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She filed with 150 signatures, although only 50 were needed under the rules of the city’s Election Commission. A recount must begin within 10 days.
As the city’s rat problem persists and spreads, officials wonder what became of a year-old request to hire outside exterminators to supplement city staff and are sounding an increasingly urgent tone on finding additional solutions.
With the discovery of a photograph tweeted and forgotten half a year ago, resident activist Charles Teague hopes to restart an open meeting law complaint period that expired five months ago.
Officials were cheering Monday in reporting a free cash fund of $142 million and what residents reap from it, but one resident was pointing instead at the city’s “moral and civic responsibilities.”
Despite there being a new boss in the executive suite, city employees with stories to tell about racial or sexual discrimination were afraid to testify Tuesday at a Civic Unity Committee meeting, other workers said.
Elected officials keen on early childhood education weren’t taking slow for an answer Monday.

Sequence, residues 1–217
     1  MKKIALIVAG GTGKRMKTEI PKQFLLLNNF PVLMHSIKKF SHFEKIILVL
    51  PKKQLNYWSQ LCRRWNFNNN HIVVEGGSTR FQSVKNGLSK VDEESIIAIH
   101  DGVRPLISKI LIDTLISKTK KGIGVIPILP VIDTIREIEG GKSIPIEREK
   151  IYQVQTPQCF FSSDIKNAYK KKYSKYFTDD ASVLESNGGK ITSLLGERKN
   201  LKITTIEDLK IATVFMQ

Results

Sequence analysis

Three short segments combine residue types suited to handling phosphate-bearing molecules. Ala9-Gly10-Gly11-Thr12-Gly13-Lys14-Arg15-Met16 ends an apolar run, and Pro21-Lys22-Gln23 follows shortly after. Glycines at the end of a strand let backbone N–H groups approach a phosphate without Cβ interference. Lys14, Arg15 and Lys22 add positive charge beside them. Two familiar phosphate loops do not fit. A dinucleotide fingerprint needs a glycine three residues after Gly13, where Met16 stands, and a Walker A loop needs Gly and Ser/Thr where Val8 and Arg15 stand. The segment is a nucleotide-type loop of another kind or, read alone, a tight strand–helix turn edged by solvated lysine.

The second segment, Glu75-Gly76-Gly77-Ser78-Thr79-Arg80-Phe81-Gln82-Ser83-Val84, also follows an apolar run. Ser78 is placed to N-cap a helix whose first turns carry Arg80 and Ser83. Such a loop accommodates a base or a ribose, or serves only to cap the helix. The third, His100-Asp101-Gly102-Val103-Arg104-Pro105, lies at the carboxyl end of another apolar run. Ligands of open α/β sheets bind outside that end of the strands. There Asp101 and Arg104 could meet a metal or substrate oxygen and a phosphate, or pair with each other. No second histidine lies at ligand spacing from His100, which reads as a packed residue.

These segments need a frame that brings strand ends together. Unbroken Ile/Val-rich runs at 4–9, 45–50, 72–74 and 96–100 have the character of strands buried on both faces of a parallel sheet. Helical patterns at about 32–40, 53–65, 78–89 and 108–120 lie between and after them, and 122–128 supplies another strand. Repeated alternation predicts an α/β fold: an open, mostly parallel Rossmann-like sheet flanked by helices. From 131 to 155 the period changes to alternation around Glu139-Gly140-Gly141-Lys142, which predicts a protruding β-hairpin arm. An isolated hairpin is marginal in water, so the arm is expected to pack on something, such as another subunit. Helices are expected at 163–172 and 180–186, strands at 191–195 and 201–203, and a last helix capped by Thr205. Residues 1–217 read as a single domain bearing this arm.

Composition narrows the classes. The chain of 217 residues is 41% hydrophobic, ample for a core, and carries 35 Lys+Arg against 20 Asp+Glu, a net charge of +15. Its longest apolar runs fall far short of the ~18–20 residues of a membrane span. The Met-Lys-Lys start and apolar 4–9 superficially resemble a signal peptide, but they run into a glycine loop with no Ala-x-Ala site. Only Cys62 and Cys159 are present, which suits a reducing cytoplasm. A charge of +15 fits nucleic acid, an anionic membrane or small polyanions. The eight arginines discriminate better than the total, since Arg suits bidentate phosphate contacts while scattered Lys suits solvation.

With at least 208 homeless kids in Cambridge Public Schools and even more considered “food insecure,” parents and educators are patching together efforts to raise awareness and have fewer going home hungry over weekends and holidays.
The six-year quest to get the city to enforce its own laws on intrusive lighting was made even longer Monday with a 5-4 vote from the City Council, but councillors did pass an order making progress on information it requested in November 2007.
The city manager’s view on the Foundry building was clear: “It is my strong recommendation that the City Council authorize [a] sale,” Robert W. Healy told the City Council last month, after a $40,000 study. But Healy is no longer city manager.
After 26 years in office, mayor and city councillor Henrietta Davis is not running for reelection, she said in a letter today to constituents.